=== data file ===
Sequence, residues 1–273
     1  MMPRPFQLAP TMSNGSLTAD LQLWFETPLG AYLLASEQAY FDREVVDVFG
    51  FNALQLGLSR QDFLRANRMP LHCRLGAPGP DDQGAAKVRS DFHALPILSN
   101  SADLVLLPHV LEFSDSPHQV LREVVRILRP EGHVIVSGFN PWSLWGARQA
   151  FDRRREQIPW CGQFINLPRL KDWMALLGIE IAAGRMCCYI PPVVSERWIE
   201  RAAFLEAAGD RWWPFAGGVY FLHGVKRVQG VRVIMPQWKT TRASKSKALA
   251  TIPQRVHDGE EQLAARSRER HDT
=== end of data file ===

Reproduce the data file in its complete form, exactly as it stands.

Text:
Sequence, residues 1–273
     1  MMPRPFQLAP TMSNGSLTAD LQLWFETPLG AYLLASEQAY FDREVVDVFG
    51  FNALQLGLSR QDFLRANRMP LHCRLGAPGP DDQGAAKVRS DFHALPILSN
   101  SADLVLLPHV LEFSDSPHQV LREVVRILRP EGHVIVSGFN PWSLWGARQA
   151  FDRRREQIPW CGQFINLPRL KDWMALLGIE IAAGRMCCYI PPVVSERWIE
   201  RAAFLEAAGD RWWPFAGGVY FLHGVKRVQG VRVIMPQWKT TRASKSKALA
   251  TIPQRVHDGE EQLAARSRER HDT